In fact, it was nearly impossible to find anyone who recognized the road repair bill for what it is: unconstitutional. Over at the Mises Institute, Christopher Westley did point out that the United States is not exactly ignoring infrastructure. “The fact is that federal, state, and local spending on transportation infrastructure is well into the tens of billions each month,”
Westley writes, adding that “monthly public spending on infrastructure in the US exceeds the annual GDP of Paraguay. Annually, we spend more on infrastructure than the GDP of Hong Kong.”
Perhaps it is so hard pointing to the unconstitutionality of such expenditures because people generally — even those who profess to be in favor of free-markets and limited government — believe fixing the country’s “crumbling” infrastructure is a good idea.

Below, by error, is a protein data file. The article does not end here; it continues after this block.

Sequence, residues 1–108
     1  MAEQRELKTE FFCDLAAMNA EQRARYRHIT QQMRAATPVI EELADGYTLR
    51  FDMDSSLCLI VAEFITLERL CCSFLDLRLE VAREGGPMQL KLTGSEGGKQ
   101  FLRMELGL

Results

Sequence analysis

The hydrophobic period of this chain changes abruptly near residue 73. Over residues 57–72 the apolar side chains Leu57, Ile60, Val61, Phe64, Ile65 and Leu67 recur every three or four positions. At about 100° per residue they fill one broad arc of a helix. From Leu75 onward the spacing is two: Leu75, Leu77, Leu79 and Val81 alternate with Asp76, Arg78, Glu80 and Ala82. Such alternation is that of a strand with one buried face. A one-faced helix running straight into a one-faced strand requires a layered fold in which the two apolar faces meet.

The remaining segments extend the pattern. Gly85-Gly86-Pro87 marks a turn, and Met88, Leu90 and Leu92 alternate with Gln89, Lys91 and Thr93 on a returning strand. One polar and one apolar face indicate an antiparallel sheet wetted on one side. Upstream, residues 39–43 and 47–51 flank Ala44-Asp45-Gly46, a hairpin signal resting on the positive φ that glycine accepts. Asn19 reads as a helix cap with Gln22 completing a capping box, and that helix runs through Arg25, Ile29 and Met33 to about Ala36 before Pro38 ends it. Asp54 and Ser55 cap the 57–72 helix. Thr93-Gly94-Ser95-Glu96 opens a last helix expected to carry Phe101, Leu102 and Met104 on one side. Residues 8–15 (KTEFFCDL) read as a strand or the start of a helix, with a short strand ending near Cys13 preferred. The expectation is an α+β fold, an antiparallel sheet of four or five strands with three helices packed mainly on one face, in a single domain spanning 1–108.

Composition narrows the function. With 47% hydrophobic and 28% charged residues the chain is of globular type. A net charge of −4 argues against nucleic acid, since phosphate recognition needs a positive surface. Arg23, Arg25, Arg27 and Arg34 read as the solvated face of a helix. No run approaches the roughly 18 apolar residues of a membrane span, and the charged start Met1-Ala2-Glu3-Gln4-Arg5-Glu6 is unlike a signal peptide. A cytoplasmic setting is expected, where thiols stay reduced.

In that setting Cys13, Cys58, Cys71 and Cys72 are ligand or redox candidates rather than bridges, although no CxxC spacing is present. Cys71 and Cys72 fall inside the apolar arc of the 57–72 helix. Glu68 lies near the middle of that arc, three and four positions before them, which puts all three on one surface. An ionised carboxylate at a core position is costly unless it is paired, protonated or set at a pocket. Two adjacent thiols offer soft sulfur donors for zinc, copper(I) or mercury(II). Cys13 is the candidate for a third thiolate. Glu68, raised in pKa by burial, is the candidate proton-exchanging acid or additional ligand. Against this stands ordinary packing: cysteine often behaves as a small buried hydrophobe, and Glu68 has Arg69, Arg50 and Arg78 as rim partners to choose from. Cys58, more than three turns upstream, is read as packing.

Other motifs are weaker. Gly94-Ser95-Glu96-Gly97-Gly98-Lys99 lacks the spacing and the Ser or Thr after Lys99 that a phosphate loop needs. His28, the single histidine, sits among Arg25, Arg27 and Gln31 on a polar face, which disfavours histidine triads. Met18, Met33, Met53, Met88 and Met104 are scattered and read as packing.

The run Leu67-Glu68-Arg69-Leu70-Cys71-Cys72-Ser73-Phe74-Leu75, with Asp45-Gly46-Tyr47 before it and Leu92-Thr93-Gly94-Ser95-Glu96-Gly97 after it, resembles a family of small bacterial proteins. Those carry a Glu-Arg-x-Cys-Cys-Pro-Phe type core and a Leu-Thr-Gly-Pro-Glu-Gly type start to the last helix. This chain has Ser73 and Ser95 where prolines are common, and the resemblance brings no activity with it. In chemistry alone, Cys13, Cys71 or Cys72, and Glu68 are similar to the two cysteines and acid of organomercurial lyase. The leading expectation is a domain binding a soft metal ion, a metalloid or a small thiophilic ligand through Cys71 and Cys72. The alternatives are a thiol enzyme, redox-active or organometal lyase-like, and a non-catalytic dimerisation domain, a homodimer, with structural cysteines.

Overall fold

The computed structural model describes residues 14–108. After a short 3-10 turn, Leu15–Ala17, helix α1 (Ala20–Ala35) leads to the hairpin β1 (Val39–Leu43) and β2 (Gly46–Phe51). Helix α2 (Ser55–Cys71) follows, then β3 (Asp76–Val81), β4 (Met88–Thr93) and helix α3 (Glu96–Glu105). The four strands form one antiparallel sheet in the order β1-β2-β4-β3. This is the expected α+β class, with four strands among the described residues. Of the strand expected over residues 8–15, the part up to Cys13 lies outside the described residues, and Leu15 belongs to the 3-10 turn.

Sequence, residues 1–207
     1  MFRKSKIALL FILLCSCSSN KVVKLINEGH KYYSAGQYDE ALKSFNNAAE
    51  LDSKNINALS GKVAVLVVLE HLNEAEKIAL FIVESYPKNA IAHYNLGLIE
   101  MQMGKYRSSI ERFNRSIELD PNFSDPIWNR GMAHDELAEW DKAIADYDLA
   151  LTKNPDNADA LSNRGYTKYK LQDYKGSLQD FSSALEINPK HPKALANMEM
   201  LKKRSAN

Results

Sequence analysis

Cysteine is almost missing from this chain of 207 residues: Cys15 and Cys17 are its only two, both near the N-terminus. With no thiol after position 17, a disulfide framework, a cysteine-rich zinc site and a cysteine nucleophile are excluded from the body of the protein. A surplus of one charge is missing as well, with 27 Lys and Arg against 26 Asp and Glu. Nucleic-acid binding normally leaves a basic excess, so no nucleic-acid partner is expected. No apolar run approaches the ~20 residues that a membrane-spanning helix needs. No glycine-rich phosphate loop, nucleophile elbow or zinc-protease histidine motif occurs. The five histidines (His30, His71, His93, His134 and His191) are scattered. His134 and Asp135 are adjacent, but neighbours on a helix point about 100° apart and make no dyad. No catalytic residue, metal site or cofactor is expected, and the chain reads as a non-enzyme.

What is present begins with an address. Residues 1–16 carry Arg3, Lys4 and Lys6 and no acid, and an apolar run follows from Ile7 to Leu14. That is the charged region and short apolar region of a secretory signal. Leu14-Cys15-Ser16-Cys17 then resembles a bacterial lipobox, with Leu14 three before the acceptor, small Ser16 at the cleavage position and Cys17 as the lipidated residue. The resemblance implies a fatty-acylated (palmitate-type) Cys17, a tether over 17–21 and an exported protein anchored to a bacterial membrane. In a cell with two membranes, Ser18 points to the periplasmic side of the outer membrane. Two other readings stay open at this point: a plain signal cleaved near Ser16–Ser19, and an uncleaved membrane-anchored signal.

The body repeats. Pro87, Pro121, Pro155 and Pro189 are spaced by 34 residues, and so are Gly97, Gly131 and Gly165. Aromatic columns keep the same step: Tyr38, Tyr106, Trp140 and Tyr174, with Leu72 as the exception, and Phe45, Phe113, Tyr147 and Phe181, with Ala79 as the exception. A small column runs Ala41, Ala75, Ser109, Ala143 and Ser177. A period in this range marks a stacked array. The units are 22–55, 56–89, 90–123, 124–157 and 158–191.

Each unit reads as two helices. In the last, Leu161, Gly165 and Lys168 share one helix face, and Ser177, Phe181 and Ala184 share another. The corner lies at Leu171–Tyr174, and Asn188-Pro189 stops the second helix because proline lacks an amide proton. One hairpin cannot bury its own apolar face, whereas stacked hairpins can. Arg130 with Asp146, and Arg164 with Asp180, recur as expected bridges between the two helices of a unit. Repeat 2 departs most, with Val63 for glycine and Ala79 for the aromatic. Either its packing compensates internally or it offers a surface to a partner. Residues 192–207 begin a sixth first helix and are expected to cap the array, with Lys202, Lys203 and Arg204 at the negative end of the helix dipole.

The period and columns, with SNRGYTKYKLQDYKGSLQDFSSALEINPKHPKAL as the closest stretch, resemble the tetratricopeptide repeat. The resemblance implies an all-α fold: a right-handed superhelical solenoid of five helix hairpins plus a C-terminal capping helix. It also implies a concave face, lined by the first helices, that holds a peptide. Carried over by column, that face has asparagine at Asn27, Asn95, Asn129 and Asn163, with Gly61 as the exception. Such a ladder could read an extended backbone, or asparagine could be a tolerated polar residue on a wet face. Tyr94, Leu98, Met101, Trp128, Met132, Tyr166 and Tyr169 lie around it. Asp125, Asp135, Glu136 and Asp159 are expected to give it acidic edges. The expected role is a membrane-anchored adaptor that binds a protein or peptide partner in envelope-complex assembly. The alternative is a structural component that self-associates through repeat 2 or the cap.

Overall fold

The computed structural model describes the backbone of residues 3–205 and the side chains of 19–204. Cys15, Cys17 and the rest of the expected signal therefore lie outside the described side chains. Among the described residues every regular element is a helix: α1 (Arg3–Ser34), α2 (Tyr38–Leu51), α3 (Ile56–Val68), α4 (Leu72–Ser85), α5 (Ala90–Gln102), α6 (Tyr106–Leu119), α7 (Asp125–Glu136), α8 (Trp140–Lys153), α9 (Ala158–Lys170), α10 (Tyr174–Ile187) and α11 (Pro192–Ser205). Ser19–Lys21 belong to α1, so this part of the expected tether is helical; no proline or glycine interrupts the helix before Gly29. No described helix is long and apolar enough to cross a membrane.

It seems that nearly everyone wants to see the president’s promised “gleaming new roads, bridges, highways, railways, and waterways.”
Some, maybe, give President Trump credit for coming through on a campaign promise. Good idea and fulfilled promise though it may be, there are a couple of big constitutional problems for President Trump and for anyone supporting the massive infrastructure bill.
First, there is no federal authority to undertake such a construction. Article I, Section 8 is the list of congressional power and one cannot find “maintain the nation’s infrastructure” among that enumeration.
Once upon a time, there was a president who took the concept of constitutionally limited government and enumerated powers seriously, seriously enough to veto a spending bill that sounded very much like the one the president is soon to propose to Congress.